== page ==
Thursday, March 15, 2012

The Covenant of Works & Eschatological Probation

Does the covenant of works entail only a loss for disobedience or does it simultaneously include a reward offered to Adam had he obeyed?

Jamin Hubner has a blog post up over at his apologetics blog on the Covenant of Works. He argues that the covenant of works only entails a loss of eternal life for Adam's disobedience.
You’ll often hear it said by many Reformed theologians, there’s a covenant of works, and a covenant of grace, and these two covenants compromise the core of “covenant theology.” Law is associated with one, gospel with another. There’s a principle of works given by God (the conditional “do this and live”), and a principle of grace (the unconditional “you will live because of what I’ve done”). And in Eden and at Sinai, there was law and the “works principle,” while with Abraham and the New Covenant there is grace and the gospel principle. 
It sounds so neat and clean. But, for a great portion, it is so wrong. It reads back into Genesis something that just isn’t there. The principle given by God was not “do this and live” but “do this and die,” or to put it another way, “don’t do this and live.” You might think that’s a matter of semantics or word games, but it is actually a theological difference that makes all the difference in the world as to how we understand redemptive history. Let’s again summarize the reality. 
The default condition in the Garden was life. There was nothing to be earned. There was no “probationary period” where if Adam passed a test he would earn eternal life. He had eternal life. (But it could be lost.) There was no “do this and live principle” given by God. There was only obvious commands to do what human beings were made to do (e.g., procreate and tend the soil) and one simple prohibition. All was life and perfect, and there was the possibility of falling from that status if positive action was taken in the wrong direction.
I disagree. On the one hand Adam was created in more than just innocency--he was holy and righteous. On the other hand the protological state in the garden was not the final eschatological state. Adam was not created in a state of glorified eternal life--the kind that the work of Christ offers.

Here is my response to Jamin, that I sent as a comment:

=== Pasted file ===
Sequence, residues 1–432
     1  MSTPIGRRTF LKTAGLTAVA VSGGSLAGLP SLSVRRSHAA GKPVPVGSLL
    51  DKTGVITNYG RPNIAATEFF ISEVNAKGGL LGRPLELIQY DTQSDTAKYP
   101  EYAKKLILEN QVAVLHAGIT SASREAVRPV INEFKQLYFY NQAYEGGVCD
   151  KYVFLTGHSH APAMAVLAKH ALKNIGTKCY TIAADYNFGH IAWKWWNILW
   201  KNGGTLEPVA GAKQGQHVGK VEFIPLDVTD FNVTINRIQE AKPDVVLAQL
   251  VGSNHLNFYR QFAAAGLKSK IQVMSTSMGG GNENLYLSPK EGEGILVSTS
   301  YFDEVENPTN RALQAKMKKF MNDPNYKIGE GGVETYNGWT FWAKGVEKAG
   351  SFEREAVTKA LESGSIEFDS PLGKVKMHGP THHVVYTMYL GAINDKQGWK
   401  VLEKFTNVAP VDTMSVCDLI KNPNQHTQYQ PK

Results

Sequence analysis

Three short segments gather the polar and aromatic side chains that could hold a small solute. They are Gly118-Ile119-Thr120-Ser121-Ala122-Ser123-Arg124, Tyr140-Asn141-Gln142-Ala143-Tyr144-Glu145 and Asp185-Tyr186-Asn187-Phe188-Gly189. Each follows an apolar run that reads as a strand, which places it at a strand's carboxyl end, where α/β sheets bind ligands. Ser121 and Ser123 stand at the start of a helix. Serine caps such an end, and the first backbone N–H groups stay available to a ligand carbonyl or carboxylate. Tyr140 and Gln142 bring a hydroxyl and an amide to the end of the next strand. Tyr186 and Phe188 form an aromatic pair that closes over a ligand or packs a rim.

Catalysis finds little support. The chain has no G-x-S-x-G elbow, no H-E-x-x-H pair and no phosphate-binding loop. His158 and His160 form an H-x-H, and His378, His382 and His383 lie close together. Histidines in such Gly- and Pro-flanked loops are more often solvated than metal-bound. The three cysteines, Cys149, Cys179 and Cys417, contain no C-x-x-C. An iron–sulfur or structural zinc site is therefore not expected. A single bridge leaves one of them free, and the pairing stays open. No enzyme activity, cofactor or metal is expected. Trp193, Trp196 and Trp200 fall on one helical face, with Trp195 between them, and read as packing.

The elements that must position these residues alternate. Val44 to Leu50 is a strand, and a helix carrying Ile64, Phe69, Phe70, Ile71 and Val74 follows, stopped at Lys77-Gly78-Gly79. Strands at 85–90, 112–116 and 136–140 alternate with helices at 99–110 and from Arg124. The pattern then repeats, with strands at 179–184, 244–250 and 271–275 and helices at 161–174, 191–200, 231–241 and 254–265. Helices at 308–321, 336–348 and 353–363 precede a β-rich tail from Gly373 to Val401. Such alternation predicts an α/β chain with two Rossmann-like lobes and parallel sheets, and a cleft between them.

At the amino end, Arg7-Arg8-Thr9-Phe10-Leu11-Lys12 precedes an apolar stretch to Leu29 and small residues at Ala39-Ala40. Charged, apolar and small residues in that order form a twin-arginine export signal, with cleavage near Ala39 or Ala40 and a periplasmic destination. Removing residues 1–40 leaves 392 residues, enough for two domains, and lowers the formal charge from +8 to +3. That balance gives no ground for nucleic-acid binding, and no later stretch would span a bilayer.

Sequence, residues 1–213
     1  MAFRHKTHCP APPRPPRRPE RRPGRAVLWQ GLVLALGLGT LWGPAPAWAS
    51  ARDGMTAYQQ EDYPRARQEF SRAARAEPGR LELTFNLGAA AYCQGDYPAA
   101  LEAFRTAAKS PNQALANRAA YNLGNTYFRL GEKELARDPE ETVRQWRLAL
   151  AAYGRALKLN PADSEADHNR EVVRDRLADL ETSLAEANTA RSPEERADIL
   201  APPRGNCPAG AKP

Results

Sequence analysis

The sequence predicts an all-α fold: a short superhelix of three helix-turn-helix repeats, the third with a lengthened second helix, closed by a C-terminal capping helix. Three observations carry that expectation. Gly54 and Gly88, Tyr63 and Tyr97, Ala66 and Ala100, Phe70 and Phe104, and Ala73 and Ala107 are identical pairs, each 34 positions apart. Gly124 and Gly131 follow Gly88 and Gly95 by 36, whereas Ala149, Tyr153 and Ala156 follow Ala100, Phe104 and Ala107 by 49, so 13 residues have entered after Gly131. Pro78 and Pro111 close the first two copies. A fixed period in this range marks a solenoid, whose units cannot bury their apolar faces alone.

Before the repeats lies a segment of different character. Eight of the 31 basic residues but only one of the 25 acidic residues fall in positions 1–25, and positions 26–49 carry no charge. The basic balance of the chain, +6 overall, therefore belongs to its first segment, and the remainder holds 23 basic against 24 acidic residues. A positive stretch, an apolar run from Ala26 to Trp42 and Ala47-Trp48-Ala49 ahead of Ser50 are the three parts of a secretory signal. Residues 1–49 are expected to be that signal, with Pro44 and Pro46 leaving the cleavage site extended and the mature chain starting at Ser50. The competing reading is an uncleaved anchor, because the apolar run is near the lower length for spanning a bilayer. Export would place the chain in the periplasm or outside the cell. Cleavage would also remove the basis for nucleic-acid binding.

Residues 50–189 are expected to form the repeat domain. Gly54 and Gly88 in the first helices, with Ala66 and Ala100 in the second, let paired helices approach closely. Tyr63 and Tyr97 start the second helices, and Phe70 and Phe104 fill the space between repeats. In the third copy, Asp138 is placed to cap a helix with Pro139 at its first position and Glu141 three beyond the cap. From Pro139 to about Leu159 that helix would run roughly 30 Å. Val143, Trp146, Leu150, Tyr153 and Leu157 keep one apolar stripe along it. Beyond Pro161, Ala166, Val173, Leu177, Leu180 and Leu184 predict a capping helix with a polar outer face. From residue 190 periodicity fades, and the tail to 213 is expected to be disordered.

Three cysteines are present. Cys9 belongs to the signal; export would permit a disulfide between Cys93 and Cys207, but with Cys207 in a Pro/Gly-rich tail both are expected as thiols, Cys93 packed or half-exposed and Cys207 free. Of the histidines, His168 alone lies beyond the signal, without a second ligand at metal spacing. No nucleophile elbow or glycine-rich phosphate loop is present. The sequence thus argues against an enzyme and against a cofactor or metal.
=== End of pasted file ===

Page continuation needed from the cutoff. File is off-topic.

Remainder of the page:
Jamin,
I've appreciated your blog for a while now, always from a distance. I found out about you through James White's ministry at AOM. 
Just a comment about your recent post on covenant theology on the 'works principle'. 
You write: "Greg Nichols making similar challenges in the second appendix to his fabulous work, Covenant Theology, though in much more thorough terms. I’d like to quote so much, but I only have time to mention one phrase that seems particularly noteworthy: “The focus of the prohibition [tree in garden] is not on what Adam stood to gain, but rather on what he stood to lose. That seems to be missed. That doctrine paints Adam as a man with everything to gain and little to lose” (351). Exactly. The opposite is true: Adam had little to gain and everything to lose. And if we dig deeper into these types of differences, it seems that our entire approach as Reformed theologians towards the covenant in the Garden is backwards. This is being missed." 
I agree with you that Adam had everything to lose. He was created as "upright and righteous" 1689 LBC ch.VI or "in knowledge, righteousness and holiness" (WSC #17).
So yes he had everything to lose. 
I believe many (most?) covenant theologians believe that Adam was also given the genuine offer of perfection in an eschatological state or glorification. He did indeed have much to gain: namely the eschatological state.  While Adam's original state of holiness and righteousness went beyond mere innocency, he was also not secured in this perfected state as we will be in the final state. 
Covenant theology does tend to hold that if Adam had obeyed he would not have been on infinite probation but secured something. Of course, this is something that Christ secures for us in not just in redeeming us but securing it by his perfect obedience: he gives us an eschatological state from which we can never fall which is like the Garden but also exceeds Adam's original state. 
I would quote WCF 7.2 "The first covenant made with man was a covenant of works, wherein life was promised to Adam, in him to his posterity, upon condition of perfect and personal obedience."